The Difficulties in Heating Cape Cod Style Houses

by Erik North on November 12, 2011

Cape Cod Style House


One of the great ironies in construction (I bet you didn’t even know there was ironic construction) is that Cape Cod style houses perform pretty poorly on Cape Cod. The year-round sea breeze wash (wind wash even) right through the Cape building frame, making them chilly and uncomfortable in the winter months.

How did Cape Cod style houses which performs not so great in the winter become popular in New England? Maybe the name was a marketing scheme? And how can we address the air leakage and heat loss issues to make Capes more comfortable?

About Cape Cod Style Houses

The second floor framing in Cape Cod style houses packs a lot of living into a compact space. In as little as a 600 square foot footprint, one can fit a 4-bedroom, 2 bath 1100 square foot home. For the price and availability, Capes can be quite a deal. However that same framing, which makes great use of space, also leaks conditioned air like crazy. If some half-assed attempt to ventilate has been made, odds are very good the second floor will be frigid come January.

Cape Cods – Heating Distribution

The heating distribution is the first area of concern. Most heating system and insulation issues with Capes stem from having been built in the cheap-oil era. Insulation was an after-thought circa 1950 and heating was dirt cheap. It’s the rare Cape which has had these shortcomings fully addressed since its construction.

Sometimes the second floor isn’t piped for heat at all. On other occasions, the hot water pipes are run through the walls. When the baseboard units are on the opposite side of the house, hot water pipes are often run through the knee wall space outside the attic insulation. All of these are exciting ways to lose heat (or in the case of the unheated second floor, not gain enough).

Each problem has its own solution. If the second floor isn’t heated, have the heating baseboard/ducting installed. No amount of fans/wishful thinking will move enough heat in Cape Cod style houses from the first floor to make it comfortable.

If the hot water pipes for the second floor baseboards run through the exterior walls, well, you have a more challenging problem. If the exterior walls are uninsulated, dense pack them with cellulose which will also insulate the pipes.

If the walls are insulated, try to determine whether the pipes run inside the insulation (I know…not easy. I use a fiber optic boroscope and infrared camera to look inside the wall cavity). If not, you’ll need to reinsulate that cavity and put some thermal resistance between the pipe and outside sheathing.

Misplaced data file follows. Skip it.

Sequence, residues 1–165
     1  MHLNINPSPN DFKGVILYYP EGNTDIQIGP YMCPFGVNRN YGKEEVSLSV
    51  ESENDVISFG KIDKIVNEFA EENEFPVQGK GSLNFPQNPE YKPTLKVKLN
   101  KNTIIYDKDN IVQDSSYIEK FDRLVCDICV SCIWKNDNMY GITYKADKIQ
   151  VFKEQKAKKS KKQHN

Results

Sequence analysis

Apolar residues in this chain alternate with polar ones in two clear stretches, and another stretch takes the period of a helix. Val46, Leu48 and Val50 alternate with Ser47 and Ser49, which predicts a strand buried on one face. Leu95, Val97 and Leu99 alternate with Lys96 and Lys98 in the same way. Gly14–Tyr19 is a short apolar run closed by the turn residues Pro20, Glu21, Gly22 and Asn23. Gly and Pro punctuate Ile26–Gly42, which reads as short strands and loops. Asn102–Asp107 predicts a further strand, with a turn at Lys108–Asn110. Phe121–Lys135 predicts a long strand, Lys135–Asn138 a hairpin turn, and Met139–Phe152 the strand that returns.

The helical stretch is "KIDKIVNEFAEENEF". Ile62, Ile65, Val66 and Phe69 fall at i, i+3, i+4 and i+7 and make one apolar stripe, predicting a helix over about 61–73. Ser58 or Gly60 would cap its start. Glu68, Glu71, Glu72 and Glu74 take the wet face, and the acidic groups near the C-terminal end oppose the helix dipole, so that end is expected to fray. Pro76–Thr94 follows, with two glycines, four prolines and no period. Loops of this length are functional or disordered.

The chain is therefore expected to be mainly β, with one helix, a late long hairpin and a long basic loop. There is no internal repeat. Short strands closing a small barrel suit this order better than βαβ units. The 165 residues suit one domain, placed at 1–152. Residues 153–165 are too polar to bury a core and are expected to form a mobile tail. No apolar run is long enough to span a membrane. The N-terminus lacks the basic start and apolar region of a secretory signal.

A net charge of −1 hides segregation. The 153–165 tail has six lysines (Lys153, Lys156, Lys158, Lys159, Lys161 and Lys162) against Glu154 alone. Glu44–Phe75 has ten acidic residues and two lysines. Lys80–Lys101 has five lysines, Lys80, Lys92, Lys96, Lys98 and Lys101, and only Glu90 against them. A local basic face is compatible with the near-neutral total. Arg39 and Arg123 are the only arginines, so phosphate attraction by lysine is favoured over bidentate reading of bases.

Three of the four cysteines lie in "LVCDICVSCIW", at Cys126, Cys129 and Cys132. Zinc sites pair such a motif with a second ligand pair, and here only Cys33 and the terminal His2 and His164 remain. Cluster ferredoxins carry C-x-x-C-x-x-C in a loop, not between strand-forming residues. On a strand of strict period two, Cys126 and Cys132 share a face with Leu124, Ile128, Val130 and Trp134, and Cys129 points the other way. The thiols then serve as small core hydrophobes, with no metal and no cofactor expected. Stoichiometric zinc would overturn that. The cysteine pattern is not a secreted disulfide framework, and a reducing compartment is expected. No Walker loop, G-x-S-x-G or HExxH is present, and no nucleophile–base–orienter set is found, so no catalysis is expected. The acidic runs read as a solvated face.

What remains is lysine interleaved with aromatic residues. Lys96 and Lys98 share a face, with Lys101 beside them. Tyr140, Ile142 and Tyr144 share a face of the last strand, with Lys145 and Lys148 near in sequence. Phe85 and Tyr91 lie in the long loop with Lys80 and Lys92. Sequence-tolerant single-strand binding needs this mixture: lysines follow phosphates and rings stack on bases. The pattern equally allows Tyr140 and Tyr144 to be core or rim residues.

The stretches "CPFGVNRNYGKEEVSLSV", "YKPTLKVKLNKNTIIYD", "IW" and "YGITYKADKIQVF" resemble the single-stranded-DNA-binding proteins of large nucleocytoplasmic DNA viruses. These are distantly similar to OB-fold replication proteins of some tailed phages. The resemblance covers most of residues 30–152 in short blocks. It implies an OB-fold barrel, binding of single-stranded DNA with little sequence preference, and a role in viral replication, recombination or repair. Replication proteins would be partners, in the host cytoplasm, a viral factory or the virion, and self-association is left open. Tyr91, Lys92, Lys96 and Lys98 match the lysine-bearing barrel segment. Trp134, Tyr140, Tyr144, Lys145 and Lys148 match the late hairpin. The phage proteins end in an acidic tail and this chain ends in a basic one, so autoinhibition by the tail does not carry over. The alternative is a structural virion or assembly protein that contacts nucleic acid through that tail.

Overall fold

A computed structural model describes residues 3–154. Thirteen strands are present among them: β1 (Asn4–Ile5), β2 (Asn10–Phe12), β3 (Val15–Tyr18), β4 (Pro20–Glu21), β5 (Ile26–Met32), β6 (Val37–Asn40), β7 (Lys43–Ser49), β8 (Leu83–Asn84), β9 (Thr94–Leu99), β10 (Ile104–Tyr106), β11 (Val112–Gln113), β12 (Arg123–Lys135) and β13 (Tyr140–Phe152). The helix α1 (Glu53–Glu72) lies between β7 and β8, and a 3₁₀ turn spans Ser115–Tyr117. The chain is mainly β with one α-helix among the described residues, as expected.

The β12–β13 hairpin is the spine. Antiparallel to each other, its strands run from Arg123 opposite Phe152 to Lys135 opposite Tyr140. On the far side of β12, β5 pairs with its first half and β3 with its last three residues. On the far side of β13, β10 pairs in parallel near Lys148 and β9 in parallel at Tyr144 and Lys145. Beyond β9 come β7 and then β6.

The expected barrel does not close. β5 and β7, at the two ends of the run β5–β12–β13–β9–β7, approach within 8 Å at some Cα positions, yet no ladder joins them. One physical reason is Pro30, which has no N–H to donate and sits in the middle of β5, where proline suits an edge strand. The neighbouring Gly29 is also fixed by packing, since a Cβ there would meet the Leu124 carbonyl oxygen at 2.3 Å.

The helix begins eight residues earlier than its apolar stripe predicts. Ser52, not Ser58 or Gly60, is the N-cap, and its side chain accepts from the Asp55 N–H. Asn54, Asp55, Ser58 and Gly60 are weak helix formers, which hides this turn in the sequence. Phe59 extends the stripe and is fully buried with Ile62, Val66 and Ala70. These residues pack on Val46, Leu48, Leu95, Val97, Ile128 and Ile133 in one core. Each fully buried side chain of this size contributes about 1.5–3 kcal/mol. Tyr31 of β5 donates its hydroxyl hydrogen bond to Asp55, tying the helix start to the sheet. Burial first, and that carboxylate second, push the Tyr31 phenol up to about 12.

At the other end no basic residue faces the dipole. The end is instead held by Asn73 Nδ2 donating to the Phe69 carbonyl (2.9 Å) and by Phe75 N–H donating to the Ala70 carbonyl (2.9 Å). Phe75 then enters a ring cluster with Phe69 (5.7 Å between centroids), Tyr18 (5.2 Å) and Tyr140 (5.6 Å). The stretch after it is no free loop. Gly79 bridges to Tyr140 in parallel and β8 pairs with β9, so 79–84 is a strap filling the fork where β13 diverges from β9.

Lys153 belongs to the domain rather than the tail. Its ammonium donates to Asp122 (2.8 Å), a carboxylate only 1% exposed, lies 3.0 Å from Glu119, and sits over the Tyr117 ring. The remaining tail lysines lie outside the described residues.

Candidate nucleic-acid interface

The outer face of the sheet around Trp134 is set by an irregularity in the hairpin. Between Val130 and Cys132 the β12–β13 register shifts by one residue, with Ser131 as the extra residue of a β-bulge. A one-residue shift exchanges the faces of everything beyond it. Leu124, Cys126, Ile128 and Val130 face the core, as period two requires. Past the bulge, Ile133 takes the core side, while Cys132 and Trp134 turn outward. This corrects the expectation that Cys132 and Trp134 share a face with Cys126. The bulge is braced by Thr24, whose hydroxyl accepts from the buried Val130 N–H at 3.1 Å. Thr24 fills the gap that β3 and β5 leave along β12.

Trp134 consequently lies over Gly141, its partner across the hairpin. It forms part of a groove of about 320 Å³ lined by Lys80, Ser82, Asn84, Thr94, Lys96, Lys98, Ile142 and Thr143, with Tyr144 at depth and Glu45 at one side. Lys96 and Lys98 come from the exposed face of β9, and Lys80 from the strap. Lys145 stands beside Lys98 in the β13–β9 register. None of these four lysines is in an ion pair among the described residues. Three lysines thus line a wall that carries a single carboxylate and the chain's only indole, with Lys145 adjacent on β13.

Here’s a diagram of an attic knee wall in a Cape Cod style house.

Air Leakage in Attic Knee Wall

Image: DOE's Office of Energy Efficiency and Renewable Energy

Cape Cod style houses are often insulated at the vertical wall and joist flats in the knee walls. If the hot water pipes for the second floor heating are run through the knee walls, they’ll be outside the thermal envelope.

Cape Cods – Air Sealing

Insulation and air sealing are just as problematic. The knee wall framing usually has built-in bookshelves, drawers and closets. The knee wall sits on top of the first floor joists, meaning interior air is flowing from under the knee wall. Finally, the tops of the knee walls are usually not sealed. Much more conditioned air than you’d like flows up the wall slopes and out the attic cap.

There are three possible approaches to insulating and air sealing a Cape. One can adopt an unvented approach and seal the whole thing (and you’d better have moisture under control).

You can insulate the roof deck and vent the attic. This vented approach is challenging in Cape Cod style houses as the ventilation needs a clear path from soffit to peak, the eaves need to be sealed to prevent unwanted unconditioned air wind washing (I’m looking at you ocean winds) and the tops of the knee walls sealed around the vents.

Finally, they can be insulated at the horizontal and vertical flats. In this case, the tops and bottoms of the knee walls need to be air sealed.

Cape Cod style homes date back a couple hundred years. They’ve been optimized for space but were not developed with energy efficiency in mind. Cape Cod style houses can be warm and efficient if these issues are kept in the fore front.

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